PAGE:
Falling masonry doesn't pick its victims based on whakapapa.

It will be interesting to see which groups or communities are/were more vulnerable. Certainly international students were disproportionately represented...

And while Lincoln hasn't emerged unscathed, check out my earlier post, we are certainly better off than our poor city cousins, Canterbury.

I loved that library, was a student at UC when they ('they') purchased their one millionth book for the James Hight library. We have about 900 books, too many but I also gave away too many, sold too many, and lost too many. Can't recall what it was, a poncy Old English manuscript if I remember rightly.

Typical.

Saturday, July 23, 2011

Toasting marshmellows, Taumutu

While the world continues to oscillate between valid fear, invalid fear, common joy and crazed euphoria, I can still take the boys and three of their friends to a beach, light a fire, burn some snags and melt some marshmellows.



Thursday, July 21, 2011

Ko Aotearoa Tenei: WAI 262 preamble...

Love the intro which begins with ...'Aue e te mate, kei hea tau wero, aue e te reinga kei hea tou wikitoria?' which is translated as ...'Oh death where is thy sting; grave, where is your victory', nice allusion to both Corinthians 15:55 and a sonnet by Shakespeare.

Then follows a parade of faces, many having shuffled off this mortal coil.

The report then gives a potted history of Kupe's People, then Cook's People - sailors one and all (useful 101, even 201, histories). Then a number of quite revisionist statements:
" Maori culture locates us in the Pacific and gives us our deep roots here. Pakeha culture locates us at the same time in the West and gives us our right to the West's heritage."

Then quickly comes the following: "Bicultural fusion gives our vibrant multicultural reality a solid core with enough gravity to pull immigrant cultures into orbit around its vision, values, and expectations. A nation cannot sustain itself without that solid core" (p.16).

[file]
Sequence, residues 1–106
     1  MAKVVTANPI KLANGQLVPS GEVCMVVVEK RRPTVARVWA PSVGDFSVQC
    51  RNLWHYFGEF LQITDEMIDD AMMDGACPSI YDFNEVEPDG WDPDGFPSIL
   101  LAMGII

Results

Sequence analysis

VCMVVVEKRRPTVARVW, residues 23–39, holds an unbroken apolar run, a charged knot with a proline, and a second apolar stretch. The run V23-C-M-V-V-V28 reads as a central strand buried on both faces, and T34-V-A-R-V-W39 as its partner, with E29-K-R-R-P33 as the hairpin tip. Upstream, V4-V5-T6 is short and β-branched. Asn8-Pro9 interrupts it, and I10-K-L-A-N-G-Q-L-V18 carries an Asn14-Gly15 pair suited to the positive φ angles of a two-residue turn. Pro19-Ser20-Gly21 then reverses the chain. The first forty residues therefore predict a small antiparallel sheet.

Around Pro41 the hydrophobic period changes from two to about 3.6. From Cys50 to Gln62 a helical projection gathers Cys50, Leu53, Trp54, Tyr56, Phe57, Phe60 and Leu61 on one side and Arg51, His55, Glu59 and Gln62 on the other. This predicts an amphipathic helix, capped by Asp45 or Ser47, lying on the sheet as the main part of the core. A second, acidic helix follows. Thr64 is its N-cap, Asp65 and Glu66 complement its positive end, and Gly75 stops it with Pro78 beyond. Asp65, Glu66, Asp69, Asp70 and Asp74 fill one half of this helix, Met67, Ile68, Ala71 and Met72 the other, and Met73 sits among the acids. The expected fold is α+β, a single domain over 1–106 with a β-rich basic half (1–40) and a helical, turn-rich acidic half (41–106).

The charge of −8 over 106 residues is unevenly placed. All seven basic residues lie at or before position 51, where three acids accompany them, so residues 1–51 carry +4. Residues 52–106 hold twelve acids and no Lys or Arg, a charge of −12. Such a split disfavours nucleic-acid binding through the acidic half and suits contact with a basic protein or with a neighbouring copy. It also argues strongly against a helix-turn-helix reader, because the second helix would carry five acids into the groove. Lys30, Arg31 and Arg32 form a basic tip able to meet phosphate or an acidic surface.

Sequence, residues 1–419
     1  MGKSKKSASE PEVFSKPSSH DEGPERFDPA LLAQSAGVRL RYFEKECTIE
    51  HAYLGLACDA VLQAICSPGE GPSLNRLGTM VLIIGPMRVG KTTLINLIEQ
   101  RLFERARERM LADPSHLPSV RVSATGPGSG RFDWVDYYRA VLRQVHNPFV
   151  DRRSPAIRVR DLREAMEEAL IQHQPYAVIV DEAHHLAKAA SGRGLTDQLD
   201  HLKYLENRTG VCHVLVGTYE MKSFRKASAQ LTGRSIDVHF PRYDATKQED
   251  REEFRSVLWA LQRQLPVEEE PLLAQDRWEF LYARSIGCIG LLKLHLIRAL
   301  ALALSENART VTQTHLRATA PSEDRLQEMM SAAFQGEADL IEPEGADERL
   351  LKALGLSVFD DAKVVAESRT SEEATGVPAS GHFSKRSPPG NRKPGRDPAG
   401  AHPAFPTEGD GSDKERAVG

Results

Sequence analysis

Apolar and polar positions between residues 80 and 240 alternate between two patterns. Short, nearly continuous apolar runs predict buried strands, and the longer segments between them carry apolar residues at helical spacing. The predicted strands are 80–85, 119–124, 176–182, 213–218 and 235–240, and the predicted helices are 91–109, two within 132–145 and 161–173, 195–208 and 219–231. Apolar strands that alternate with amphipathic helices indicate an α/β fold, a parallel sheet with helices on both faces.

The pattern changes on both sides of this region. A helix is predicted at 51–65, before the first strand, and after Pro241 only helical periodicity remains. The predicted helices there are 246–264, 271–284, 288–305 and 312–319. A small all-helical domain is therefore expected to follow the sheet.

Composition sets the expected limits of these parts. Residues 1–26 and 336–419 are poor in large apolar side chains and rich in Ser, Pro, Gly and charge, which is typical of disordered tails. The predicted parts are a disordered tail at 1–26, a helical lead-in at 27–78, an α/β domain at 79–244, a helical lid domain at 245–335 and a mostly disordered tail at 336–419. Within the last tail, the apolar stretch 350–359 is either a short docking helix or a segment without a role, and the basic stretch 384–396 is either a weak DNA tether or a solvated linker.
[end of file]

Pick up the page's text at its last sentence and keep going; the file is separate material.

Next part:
Of course WAI 262 was never a standard claim, if indeed its possible to speak of such a thing. It is acknowledged that the claim always asked 'novel questions' about who owns or controls
1. matauranga Maori;
2. the tangible outputs of matauranga Maori;
3. 'things that are important contributors to matauranga Maori, namely
i) taonga species
ii) and the natural environment of Aotearoa/New Zealand.

I see these as posing ontological, epistemological, and empirical challenges, respectively, to Maori and Pakeha; What can be known; how do we know and use this knowledge; and what does this knowledge result in, how is it manifested in our lifeworlds?



Scorched earth policy...

The ashes around the old man Tane Mahuta getting more e-play. So old (at 2,500 years) he now has the scattering of people's ashes, let alone the gentle rotting bodies of his close whanaunga.

LandCare, fronting the science, as I said below, et cetera et cetera.

Collaboration with Maori should be easier, given the current (party) political climate. But this is trumped by old skool political-economic numbers: yunno its tough when PAKEHA are broke!

Meanwhile the big block @ Te Whare Wananga o Aorangi - Forbes - is wrapped in white plastic. I'm on the third floor, or as we like to say, the pancake palace (the lower floors always squish, right?).



Like some Swiss-French art installation, or an island wrapped in cloth.



On the subject of trees, a beautiful portfolio by Cedric Pollet.



Positive I-ration.

Tuesday, July 19, 2011

Tane Mahuta and the scattering of ashes

An interesting news item on concerns for Tane Mahuta. But TVNZ can't half twist a story! Essentially two separate issues - the scattering of cremated remains and the spread of Kauri Dieback disease - are combined yet the complexities are barely outlined. On the one hand, kaumatua are concerned that people are risking a cultural despoilment of Tane Mahuta by the remains of their loved ones being dropped on a wahi tapu, a sacred site. And LandCare scientists are worried about the ongoing effects of Phytophthora taxon Agathis (PTA) which has been connected to yellowing foliage, loss of leaves, canopy thinning and dead branches. Affected Kauri can bleed resin through lesions. This can extend to roots and even girdle the trunk as ‘collar rot', killing trees of all ages.